I wonder if you are well prepared for your death? By that I mean a number of things: do you have a will, an advanced health directive? have you talked to your family about practical details like cremation or burial? have you planned your funeral? Hopefully your answer to at least some of those things is “yes”. It seems obvious enough that a certain amount of planning is useful and even necessary, but even though death is inevitable, there are some people who are superstitious about making plans for it. They seem to think that if they talk about or plan for their death that somehow they are inviting it to come before time. Their attitude seems to be that if they don’t think about it then it won’t happen.

It is hard to imagine a Christian being fettered by such fears. After all, Jesus resurrection has demonstrated that death is not something to be feared, but something to be faced with confidence, that death is not the end, but a new beginning. We may not know exactly what lies beyond the grave, but the various descriptions of life-hereafter, give us a glimpse of an existence in which there is joy and peace and abundance – forever!

Death holds no fear for us, because we are confident of the resurrection to eternal life. But there is more to it than that – dying to ourselves and living to God is central to the practice of our faith.  In order to be united to God, in order to realise the divine presence within us, we need to learn to let go of those things that bind us to this life and to embrace those things which belong to our heavenly existence. In this way, we already have one foot in the kingdom – death is simply the fulfillment of our Christian journey. At the same time, we will be so practiced at dying, so used to the new life that results that we will be ready for this one last death.

This style of existence does not come easily. Dying in order to live is counter-intuitive to all that we know and experience in this life. Everything that is human in us screams “no” to death! Nature itself is designed to be resilient, to reproduce, to resist obliteration. No wonder that we find it so hard to let go, to do anything that would reveal weakness or suggest failure. The irony is that all our struggling, all our efforts to prevent disaster, all our attempts to deny our vulnerability are, in the end, life-denying. We become so focused on ourselves, so anxious about avoiding pain and suffering, so determined to hold on to what we have that we lose the ability to be truly free and fully alive. As a result our world becomes smaller and more limited. We tie ourselves to this life thus losing sight of the life to come. Worse still, in our attempts to build for ourselves a world that is safe and secure, we simply succeed in locking God out of our lives. Instead of placing our trust in God, we are placing all our trust in ourselves – believing that our own efforts will keep us safe and happy.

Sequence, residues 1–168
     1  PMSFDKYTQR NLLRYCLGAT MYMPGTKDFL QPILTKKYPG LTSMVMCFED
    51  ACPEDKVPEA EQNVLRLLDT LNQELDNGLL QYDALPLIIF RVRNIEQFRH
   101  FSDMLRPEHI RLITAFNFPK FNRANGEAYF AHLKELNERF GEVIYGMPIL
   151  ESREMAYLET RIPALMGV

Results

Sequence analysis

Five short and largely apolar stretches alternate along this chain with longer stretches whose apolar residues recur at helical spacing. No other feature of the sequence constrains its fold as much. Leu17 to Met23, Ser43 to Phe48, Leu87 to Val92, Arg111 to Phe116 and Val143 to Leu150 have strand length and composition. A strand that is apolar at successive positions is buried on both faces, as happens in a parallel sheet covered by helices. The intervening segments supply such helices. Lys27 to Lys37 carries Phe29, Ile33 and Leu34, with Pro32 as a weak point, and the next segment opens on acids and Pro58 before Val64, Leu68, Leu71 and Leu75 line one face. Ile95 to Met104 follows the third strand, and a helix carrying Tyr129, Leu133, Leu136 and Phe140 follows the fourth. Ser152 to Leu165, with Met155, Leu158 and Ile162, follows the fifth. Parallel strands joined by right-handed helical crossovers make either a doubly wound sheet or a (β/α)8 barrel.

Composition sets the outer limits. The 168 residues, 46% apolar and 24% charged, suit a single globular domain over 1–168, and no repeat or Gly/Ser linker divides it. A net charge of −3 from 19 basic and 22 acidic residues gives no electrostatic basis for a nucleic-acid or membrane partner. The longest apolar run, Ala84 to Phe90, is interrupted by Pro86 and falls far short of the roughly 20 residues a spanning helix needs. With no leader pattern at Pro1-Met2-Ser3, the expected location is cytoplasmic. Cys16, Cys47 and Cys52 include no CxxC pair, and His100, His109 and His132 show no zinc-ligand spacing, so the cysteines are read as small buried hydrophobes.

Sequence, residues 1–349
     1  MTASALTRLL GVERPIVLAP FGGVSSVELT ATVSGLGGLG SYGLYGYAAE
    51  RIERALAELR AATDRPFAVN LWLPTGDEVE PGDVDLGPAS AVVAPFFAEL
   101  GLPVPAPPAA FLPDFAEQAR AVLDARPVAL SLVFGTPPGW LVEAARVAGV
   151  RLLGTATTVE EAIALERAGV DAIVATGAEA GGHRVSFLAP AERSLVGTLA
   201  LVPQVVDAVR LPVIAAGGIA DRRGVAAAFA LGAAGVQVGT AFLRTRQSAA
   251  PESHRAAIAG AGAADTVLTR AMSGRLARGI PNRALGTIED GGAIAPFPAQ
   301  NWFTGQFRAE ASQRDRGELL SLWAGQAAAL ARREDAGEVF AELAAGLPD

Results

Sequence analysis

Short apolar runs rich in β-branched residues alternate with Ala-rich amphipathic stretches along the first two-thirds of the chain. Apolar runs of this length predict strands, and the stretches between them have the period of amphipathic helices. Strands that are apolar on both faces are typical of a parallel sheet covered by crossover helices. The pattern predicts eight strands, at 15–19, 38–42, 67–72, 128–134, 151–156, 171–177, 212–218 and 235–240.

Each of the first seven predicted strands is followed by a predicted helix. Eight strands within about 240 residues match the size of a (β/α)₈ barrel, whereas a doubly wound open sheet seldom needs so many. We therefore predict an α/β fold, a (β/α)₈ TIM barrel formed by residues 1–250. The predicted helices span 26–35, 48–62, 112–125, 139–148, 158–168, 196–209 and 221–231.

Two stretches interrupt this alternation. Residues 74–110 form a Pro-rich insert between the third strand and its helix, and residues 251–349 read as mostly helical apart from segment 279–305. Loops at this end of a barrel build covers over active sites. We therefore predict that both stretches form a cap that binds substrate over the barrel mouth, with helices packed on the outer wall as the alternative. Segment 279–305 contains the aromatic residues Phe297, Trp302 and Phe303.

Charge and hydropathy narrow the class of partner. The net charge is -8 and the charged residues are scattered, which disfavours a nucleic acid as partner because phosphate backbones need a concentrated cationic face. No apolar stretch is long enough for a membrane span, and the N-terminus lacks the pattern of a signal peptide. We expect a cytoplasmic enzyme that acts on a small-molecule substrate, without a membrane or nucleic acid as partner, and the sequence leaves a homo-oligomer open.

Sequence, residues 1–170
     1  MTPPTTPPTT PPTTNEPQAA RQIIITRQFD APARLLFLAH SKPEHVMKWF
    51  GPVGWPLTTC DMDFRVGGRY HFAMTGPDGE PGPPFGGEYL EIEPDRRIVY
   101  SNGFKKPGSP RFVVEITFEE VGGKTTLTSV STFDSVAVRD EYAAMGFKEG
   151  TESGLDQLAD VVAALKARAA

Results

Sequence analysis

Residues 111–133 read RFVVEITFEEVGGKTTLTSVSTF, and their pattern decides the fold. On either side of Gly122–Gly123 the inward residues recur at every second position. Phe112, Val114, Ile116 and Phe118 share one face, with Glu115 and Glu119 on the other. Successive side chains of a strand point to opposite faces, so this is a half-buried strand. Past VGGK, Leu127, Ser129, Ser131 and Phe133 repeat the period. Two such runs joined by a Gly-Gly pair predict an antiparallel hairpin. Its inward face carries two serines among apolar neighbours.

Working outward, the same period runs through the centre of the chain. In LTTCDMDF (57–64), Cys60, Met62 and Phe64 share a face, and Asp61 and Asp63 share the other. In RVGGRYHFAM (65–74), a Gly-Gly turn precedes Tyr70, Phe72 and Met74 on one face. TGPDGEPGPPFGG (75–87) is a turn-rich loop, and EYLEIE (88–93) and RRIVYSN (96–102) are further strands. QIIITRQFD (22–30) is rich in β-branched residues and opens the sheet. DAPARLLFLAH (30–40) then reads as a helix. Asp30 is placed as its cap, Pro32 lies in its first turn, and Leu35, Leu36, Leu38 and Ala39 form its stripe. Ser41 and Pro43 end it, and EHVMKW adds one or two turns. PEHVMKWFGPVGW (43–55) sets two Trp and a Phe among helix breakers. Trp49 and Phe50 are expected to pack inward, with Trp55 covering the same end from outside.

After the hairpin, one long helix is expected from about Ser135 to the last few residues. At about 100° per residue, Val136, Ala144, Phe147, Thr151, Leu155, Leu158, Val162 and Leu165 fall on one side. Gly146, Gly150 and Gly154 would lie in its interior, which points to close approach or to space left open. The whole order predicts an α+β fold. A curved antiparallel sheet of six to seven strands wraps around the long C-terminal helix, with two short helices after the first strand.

The poor, the hungry, the grieving and the reviled have no such problems – they know and recognise their emptiness and their reliance on God. This is why Jesus calls them blessed not because it is good to be poor and hungry, but because those who have nothing are forced depend on God for everything, those who are empty are able to be filled by the presence of God, those who grieve look to God for solace, those who have nothing to bind them to this life are free to place all their hope in the life to come. On the other hand, those who in this life are rich, full and happy do not have the same pressure to recognise their need for God. Being satisfied with their situation in this life, they have no need to look forward to the life to come. Worse, they are tempted to hold on to and to protect what they have and this serves to separate them further from their future hope. In worldly terms they may appear to be blessed, but when it comes to the kingdom, their material blessings can become an impediment to a deep and fulfilling relationship with God.

In every age, there have been those who have learned to detach themselves from this world, who have focused not on worldly success and possessions but have developed those characteristics which will best equip them for the life to come. They have sought out solitude, embraced poverty and hardship, practiced self-denial, relied on God to meet their needs and when the occasion demanded it, have given their lives for their faith. It is people such as these whom we number among the saints.

If we want to count ourselves among the blessed, if we would like to be numbered among the saints, we do not necessarily have to set ourselves apart, embrace poverty and become ascetics. However, we do have to unlearn our need for independence, we have to stop our striving for worldly success, we have to learn to value the lessons and blessings that adversity and loss bestow upon us, we have to allow ourselves to fall and to fail so that God can help us up and we have to be willing to empty ourselves so that God can fill us.